Tuition assistance for medical students on the chopping block

Consortium built among states that do not have their own medical schools

Gov. Mike Dunleavy has proposed cutting about $3.1 million in state funding for a program that trains medical students for service in the state.

The acronym for the program, WWAMI, stands for the states served by the UW School of Medicine: Washington, Wyoming, Alaska, Montana and Idaho. The University of Alaska Anchorage participates in this program.

If the contract with the state is dropped, Alaska would be the only state in the country to not provide state assistance for medical education, according to a Monday morning Senate Finance committee presentation.

“If we do not continue forward with our contract with the state of Alaska … students will finish the program and we will just not recruit additional classes,” said Suzanne Allen, Vice Dean for Regional Affairs for the University of Washington School of Medicine in a Senate Finance committee meeting Monday morning.

The Republican governor’s administration cited figures indicating the number of program graduates who practiced in Alaska has dropped from 84 percent to 61 percent from 2014 to 2018.

“The WWAMI program has not proven effective at meeting the demand for new physicians, despite a significant state investment over the years,” the administration said in the documents.

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The administration’s figures are misleading because the pool includes all students in the five-state region, Allen said in a previous interview with the Associated Press.

The state pays about half of tuition for Alaska students in the program. Graduates who don’t return to Alaska are required to pay the state back.

Allen said during a Senate Finance committee meeting Monday the return on investment is around 70 percent for the Alaska program.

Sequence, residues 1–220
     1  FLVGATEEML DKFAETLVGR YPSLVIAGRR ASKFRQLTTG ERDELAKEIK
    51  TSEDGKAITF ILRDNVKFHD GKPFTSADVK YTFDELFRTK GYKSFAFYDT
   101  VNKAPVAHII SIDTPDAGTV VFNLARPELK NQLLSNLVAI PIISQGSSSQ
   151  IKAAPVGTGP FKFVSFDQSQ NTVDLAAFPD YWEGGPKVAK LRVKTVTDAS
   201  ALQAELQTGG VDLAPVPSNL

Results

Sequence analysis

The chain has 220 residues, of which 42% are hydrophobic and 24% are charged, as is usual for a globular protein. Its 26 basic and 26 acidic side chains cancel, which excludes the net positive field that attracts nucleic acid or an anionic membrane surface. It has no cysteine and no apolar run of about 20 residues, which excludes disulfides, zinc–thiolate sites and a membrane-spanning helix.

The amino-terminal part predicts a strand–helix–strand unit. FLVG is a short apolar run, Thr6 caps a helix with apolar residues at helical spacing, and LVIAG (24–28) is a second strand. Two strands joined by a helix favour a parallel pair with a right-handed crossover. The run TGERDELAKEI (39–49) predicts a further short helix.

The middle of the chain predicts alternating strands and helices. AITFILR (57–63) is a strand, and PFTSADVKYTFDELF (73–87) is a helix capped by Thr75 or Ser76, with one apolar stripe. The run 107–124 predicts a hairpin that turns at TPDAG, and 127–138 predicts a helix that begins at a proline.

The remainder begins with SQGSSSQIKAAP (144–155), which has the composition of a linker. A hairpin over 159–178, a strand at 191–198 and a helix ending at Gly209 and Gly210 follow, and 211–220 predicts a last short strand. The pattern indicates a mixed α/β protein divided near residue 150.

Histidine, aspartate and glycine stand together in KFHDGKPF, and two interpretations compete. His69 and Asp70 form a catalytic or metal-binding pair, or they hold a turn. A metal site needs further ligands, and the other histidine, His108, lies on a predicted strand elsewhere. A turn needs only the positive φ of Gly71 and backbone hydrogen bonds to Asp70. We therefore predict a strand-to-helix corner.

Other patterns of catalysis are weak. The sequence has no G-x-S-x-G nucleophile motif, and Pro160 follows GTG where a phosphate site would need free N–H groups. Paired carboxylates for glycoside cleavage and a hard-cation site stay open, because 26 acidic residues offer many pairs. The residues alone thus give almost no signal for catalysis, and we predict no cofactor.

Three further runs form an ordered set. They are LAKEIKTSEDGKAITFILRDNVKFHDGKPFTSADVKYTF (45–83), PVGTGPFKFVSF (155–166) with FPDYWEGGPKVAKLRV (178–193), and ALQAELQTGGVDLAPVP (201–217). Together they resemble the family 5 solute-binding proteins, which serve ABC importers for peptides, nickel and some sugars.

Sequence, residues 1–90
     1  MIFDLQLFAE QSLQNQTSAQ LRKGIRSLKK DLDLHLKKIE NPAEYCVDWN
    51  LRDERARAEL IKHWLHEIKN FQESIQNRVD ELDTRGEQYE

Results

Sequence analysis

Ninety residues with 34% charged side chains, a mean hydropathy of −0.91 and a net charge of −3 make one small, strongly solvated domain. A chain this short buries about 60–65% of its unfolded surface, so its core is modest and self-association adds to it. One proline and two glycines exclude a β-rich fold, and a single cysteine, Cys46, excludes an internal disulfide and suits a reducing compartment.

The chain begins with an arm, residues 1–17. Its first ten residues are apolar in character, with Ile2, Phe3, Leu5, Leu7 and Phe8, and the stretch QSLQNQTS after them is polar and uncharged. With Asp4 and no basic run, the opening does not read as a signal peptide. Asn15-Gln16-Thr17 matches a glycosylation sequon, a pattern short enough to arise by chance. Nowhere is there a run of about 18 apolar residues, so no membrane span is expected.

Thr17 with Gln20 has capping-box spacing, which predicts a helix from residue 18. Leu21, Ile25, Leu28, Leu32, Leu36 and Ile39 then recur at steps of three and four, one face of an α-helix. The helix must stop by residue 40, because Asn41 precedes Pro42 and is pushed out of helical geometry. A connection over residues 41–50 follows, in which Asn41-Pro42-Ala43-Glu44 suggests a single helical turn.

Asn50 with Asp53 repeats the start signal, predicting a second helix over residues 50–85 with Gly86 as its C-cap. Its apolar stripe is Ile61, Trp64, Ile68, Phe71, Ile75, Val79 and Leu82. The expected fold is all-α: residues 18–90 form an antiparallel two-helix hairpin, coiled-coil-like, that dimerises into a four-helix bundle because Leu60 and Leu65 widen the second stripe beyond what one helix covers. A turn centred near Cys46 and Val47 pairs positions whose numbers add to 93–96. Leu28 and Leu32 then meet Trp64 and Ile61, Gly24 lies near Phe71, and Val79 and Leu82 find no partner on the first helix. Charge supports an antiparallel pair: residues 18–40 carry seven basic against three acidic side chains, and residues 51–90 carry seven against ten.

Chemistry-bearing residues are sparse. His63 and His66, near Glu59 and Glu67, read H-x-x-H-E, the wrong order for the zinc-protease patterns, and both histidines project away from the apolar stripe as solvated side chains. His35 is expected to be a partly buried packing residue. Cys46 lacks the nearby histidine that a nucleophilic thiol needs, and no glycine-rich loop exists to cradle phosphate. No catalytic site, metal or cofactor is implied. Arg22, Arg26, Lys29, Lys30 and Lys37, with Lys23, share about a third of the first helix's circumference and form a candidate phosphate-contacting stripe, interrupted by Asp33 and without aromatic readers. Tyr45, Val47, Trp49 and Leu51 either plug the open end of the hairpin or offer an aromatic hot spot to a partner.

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She said 61 percent of the graduates from this program return to Alaska, and 11 percent of licensed Alaska physicians are WWAMI graduates.

It’s the largest contributing medical school to the Alaska physician workforce.

She compared the cost now to how much it would be to build a new medical school, which was over $100 million to build a new school in North Dakota, a state with similar population to Alaska.

By the numbers

Alaska needs to recruit about 60 physicians each year to keep up with the demand in the state, Allen said.

WWAMI costs $5.50 per Alaskan compared to over $20 per North Dakotan, Allen said.

Right now, there’s about 80 students, full capacity for the program. WWAMI has over 200 clinical faculty teaching medical students and residents in 26 different communities.

There are 377 clinical experience opportunities across the state for medical students and residents.

“This is publicly supported medical education,” Allen said.

Possible alternative

Sen. Bert Stedman, R-Sitka, questioned Allen if there has been discussion on how to deal with budgetary constraints with the state funding portion of the program.

But Allen said there has not been a discussion with any other groups.

Allen said the consortium was built among states that did not have their own medical schools, and that’s why other states are not a part of the program. Sen. Natasha von Imhof, R-Anchorage, said perhaps an endowment might be able to fund the program.

“We’ll be looking at trying to preserve WWAMI in some concept,” said Stedman at the close of Monday’s meeting.


• Contact reporter Mollie Barnes at mbarnes@juneauempire.com. The Associated Press contributed to this report.


Sen. Mike Shower, R-Wasilla, questions Dr. Suzanne Allen, from Boise, Idaho, who was giving an overview of the WWAMI School of Medical Education program to the Senate Finance Committee at the Capitol on Monday, March 25, 2019. (Michael Penn | Juneau Empire)

Sen. Mike Shower, R-Wasilla, questions Dr. Suzanne Allen, from Boise, Idaho, who was giving an overview of the WWAMI School of Medical Education program to the Senate Finance Committee at the Capitol on Monday, March 25, 2019. (Michael Penn | Juneau Empire)

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